Driving to Heathrow ‘could soon cost you an extra £15’ as congestion charge considered for 82 miles around airport
Critics have labelled the proposed move unfair as airport bosses weigh up how to meet emissions targets
Holidaymakers who drive to Heathrow could soon be hit with a congestion charge in a move branded ‘unfair’ by critics.
Airport bosses are considering the measure to try and persuade tourists to leave their cars at home and help meet strict emissions targets.
It has been reported that more than 80 miles of roads around the transport hub would be affected – but critics claim it would unfairly impact on passengers with no other way of reaching Heathrow.
According to reports, drivers could be hit with a £15 charge – but airport bosses say they “don’t recognise” this figure.
The move is currently considered a ‘last resort’, The Telegraph reports.
But the newspaper says Transport Secretary Chris Grayling is in favour of the low emissions zone, believing it is the only way to meet emissions targets.
Officials hope that improvements to rail links serving Heathrow, including a new Crossrail station which will link it with Berkshire and East London, will encourage more people to take the train instead of driving.
It comes amid concerns over pollution levels on the nearby M4, which is currently two thirds above the legal cap.
Tim Alderslade, chief executive of Airlines UK, the association of UK airlines, have branded it another tax on passengers.
In a statement he said: “Airlines remain opposed to what in effect will be another tax on air travel at a time when the Government continues to penalise passengers through sky-high levels of Air Passenger Duty, and passenger charges at Heathrow remain the highest in the world.
“It is also not fair on passengers who have no other realistic way of travelling to the airport.
He continued: “Investment in surface access should be the priority – not pricing people off the roads – and the Government should now come forward and use its upcoming National Policy Statement to set out which road and rail schemes it intends to support including much needed clarity on the funding of these projects and an accompanying plan for delivery.”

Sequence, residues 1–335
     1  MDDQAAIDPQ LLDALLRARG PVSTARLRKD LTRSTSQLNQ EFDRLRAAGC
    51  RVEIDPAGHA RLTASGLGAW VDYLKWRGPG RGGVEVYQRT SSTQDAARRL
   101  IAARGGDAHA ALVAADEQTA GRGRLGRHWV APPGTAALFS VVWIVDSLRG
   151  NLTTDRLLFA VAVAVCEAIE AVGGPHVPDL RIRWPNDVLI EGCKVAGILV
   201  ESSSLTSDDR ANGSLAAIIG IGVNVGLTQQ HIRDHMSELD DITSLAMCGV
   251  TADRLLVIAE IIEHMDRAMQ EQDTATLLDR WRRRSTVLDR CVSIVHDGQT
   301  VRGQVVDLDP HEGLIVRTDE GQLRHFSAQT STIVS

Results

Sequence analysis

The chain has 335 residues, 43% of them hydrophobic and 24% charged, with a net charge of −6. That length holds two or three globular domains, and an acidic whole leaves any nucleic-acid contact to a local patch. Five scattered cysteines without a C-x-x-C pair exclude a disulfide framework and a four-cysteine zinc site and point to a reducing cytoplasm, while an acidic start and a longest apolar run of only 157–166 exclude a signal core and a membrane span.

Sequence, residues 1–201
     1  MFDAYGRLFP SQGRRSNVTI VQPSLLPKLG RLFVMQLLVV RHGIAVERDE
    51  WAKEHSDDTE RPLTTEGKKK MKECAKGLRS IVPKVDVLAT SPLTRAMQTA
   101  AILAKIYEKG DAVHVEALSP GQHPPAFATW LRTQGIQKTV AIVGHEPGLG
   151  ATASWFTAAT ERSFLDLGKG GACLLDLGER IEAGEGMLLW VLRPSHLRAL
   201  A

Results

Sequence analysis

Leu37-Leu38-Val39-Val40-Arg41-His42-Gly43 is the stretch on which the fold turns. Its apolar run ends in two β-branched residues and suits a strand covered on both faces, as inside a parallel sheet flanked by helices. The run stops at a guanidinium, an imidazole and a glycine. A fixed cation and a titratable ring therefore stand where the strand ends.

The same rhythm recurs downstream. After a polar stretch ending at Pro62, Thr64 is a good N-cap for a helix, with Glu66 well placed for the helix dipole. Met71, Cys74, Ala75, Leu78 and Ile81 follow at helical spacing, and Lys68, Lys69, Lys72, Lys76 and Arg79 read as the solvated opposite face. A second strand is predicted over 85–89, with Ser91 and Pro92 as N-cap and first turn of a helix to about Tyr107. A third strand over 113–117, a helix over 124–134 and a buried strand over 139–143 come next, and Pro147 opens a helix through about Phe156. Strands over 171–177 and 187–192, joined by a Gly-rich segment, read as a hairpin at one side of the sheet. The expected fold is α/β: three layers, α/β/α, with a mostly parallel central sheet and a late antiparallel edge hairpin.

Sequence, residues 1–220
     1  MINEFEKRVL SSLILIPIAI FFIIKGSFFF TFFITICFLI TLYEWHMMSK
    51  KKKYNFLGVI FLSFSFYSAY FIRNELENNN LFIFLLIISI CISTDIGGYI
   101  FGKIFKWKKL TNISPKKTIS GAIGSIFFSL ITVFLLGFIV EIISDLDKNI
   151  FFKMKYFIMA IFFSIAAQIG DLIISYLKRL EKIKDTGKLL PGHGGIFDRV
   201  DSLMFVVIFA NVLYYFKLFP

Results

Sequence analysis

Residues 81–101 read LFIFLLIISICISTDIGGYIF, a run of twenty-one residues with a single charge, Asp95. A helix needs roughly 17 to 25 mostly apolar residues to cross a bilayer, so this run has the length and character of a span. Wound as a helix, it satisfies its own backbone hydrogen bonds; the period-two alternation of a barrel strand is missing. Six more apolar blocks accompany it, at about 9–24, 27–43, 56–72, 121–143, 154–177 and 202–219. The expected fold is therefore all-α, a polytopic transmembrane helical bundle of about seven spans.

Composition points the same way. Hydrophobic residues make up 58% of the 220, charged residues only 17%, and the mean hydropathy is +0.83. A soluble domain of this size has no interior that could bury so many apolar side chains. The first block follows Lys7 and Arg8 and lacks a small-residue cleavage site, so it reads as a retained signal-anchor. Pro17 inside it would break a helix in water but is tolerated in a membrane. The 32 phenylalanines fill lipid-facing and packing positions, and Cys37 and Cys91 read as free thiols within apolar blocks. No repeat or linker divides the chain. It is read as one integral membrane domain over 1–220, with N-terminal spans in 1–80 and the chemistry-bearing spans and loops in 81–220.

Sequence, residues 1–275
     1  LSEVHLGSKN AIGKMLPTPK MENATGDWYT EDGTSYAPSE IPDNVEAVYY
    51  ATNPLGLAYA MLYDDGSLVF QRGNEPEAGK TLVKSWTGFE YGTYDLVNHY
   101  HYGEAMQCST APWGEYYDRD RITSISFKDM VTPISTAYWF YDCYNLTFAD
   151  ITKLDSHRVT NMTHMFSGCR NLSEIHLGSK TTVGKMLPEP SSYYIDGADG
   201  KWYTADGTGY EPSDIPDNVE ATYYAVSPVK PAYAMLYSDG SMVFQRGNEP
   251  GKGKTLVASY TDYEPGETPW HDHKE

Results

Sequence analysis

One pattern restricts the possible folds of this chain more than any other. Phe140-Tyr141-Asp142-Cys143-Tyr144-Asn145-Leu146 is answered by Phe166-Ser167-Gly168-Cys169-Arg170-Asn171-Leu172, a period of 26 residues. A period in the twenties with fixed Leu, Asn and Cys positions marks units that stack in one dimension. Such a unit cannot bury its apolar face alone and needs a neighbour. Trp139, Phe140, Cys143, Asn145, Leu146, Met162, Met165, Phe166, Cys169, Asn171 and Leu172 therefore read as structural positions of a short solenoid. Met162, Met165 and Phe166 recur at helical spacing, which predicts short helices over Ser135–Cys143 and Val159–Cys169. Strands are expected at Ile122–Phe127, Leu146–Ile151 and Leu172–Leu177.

A Heathrow spokesman said this morning: “We don’t recognise the 82 miles or the £15 quoted.
“We have an ambitious plan to treble our rail capacity by 2040 and enable 30 million more passengers to use public transport.
“If needed, we have various options to apply emissions based charging to vehicles travelling to and from the airport – for example, using drop off charges based on vehicle emissions as other UK airports do – which could be another way to reduce road journeys and support our sustainable transport plans.”
No 3rd Runway Coalition response:
Reacting to the news that Heathrow customers face a £15 car charge in order to tackle emissions targets, Robert Barnstone, Coordinator of the No 3rd Runway Coalition, said:
“This latest additional Heathrow charge simply highlights a critical problem with expanding Heathrow: pollution targets would be so difficult to meet that the airport will have to whack travellers and families with a £15 charge for accessing the airport by car.
“Public transport use must be strongly encouraged at every opportunity, but if a hefty cost has to be imposed for driving to Heathrow, it just acts as evidence that expansion will mean an even pricier airport in reality”